For my first goal in my e-portfolio, I decided to organize my physical and digital resources as a means to prepare for practicum and set myself up for successful in my future teaching.
My first step for tackling this goal was to take a look through my Google Drive. After initial organizing throughout my other courses, I created a folder for “teaching resources” and then sorted my documents into subject areas. Since I had some files on my UVic account, I made sure to make copies and then save them in my primary drive.
My teaching resources folder, as seen below:
Each folder will include related lesson plans, handouts and notes.
Below is a link to my Google Doc Masterlist of my resources. This dynamic page is being continuously updated as I catalogue my resources and add new material to my collection.
Summary of actions taken
- Choose a digital space to organize my resources (Google Drive)
- Create labels and categories to sort my resources
- Organize resources on my Google Drive
- Sort through resources on my hard drive and saved bookmarks
- Catalogue my physical resources (papers, books, supplies) into containers that match the labels created earlier — in progress & continuously updated
- Create a master list of my resources — in progress & continuously updated
Professional Growth – Connection to BCTF Standards
For this goal, I addressed two standards:
- (5) Educators implement effective practices in the areas of planning, instruction, assessment, evaluation and reporting.
- (7) Educators engage in career long learning.
Organizing my teaching resources has helped me develop a stronger understanding and appreciation of the important role planning plays in effective teaching and learning. Having a productive and personalized system for sorting though all your resources in a way that makes it quick and easy for you to locate, download, and apply your materials is key. For example, if I continue to sort my resources into designated files, I will be more likely to use them because I will have knowledge of where they could fit into my practice (e.g. for a specific subject, to support a particular group of students, adapted to use outdoors) and won’t be required to spend unnecessary time decoding where it came from, why I saved it, or how it connects to my other materials.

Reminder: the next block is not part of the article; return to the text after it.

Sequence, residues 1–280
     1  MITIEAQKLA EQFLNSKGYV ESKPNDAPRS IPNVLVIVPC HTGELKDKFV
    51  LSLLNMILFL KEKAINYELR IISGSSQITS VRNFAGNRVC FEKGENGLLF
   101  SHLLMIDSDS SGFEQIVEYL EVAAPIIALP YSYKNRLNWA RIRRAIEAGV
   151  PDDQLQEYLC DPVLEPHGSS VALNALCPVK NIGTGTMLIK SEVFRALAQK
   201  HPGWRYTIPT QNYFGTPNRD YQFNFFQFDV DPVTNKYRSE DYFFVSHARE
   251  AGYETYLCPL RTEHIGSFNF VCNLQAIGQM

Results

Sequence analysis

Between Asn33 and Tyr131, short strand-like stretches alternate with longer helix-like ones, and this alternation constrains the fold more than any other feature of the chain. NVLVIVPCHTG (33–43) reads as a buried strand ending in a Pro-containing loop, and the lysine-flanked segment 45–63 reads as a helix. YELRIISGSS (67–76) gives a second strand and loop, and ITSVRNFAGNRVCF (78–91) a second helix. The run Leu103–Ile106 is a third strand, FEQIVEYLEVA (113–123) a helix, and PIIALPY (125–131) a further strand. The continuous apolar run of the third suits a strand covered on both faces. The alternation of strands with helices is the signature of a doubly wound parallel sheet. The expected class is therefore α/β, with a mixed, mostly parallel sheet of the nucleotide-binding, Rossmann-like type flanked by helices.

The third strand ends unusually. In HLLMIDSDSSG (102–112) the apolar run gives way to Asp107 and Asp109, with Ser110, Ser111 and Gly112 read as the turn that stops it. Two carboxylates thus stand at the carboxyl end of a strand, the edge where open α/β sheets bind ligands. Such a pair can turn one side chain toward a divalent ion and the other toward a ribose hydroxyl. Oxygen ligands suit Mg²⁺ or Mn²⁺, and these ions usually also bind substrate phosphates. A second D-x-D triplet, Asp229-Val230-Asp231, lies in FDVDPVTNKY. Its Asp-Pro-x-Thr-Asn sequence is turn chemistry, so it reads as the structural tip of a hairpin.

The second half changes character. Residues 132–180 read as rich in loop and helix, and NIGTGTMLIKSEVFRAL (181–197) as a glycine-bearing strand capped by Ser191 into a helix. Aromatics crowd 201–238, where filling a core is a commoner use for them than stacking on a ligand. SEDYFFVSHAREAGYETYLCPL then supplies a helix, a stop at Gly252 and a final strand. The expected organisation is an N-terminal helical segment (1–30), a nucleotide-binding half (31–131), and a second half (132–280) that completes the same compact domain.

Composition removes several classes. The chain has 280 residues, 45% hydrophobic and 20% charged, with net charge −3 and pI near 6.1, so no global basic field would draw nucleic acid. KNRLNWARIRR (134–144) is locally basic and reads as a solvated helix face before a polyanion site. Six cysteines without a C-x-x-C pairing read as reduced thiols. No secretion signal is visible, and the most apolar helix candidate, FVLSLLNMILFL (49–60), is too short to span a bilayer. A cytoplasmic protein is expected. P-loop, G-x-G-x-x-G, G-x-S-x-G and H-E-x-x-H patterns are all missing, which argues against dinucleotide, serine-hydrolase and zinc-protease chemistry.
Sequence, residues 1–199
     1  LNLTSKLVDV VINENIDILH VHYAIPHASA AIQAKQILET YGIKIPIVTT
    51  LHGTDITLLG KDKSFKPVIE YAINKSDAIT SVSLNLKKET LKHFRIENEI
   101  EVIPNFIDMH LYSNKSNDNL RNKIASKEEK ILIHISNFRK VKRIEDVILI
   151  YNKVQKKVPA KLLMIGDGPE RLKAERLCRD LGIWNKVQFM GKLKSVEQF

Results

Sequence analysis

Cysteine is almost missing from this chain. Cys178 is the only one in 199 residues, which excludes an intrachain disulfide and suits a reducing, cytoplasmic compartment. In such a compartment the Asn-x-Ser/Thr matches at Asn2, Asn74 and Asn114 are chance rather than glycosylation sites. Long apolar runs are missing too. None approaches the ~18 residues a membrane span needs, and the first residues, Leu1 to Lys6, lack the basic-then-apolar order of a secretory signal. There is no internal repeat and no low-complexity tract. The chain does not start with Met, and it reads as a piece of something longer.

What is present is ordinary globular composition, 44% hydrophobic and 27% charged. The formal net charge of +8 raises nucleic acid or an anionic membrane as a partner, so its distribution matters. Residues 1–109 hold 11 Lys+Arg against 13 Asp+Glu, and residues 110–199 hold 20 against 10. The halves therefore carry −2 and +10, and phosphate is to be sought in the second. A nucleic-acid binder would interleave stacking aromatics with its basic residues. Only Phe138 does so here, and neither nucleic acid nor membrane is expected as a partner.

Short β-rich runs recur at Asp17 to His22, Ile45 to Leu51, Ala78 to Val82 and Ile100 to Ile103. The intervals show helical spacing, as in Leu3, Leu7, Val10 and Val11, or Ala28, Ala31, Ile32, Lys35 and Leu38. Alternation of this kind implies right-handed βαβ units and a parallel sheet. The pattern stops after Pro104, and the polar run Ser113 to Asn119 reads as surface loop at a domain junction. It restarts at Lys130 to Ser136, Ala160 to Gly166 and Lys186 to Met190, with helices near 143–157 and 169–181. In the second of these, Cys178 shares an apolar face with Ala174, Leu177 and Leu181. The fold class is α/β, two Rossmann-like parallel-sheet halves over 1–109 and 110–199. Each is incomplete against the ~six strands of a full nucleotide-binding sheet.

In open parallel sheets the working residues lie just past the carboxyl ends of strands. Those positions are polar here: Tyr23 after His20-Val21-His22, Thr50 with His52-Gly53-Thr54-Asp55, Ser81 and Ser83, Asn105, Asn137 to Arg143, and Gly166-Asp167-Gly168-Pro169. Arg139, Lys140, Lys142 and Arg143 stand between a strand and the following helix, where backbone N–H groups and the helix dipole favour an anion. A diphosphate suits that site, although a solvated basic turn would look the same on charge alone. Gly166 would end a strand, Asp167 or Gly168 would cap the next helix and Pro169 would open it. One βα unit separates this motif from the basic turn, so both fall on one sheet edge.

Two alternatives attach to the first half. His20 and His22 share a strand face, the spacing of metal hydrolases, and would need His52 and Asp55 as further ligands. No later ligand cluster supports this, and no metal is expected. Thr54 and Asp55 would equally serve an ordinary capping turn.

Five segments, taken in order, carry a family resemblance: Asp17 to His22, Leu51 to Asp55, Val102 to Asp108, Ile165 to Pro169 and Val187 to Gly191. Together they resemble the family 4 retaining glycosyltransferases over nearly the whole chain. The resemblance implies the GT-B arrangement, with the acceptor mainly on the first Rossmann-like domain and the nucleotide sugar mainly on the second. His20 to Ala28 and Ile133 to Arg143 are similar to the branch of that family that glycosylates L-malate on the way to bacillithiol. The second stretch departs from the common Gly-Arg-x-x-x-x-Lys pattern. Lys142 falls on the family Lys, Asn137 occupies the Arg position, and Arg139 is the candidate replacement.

In particular, when creating unit plans which require significant planning for cross-curricular competencies, big ideas, and assessment tools, having a central ‘hub’ for all my instructional information will aid me in designing for the ‘big picture’ as well as honing in on specific lessons and activities. Given that my upcoming practicum will be in a grade 4/5 split class, being able to draw connections between content levels in my resources will definitely benefit me as I engage in the planning process.
The last section of my goal, creating a dynamic master list, will help me to engage in life-long learning. As I accumulate more resources over my teaching career, my document will assist me in recognizing both what I have, as well as any gaps in my materials. Having this awareness will support me in finding more resources, plans, and ideas that I can use to address these needs. Ultimately, this resource will help keep me accountable by highlighting to me what I already know and what I need to work on next to get to where I want to be (in terms of planning, structuring lessons, communicating my thinking etc).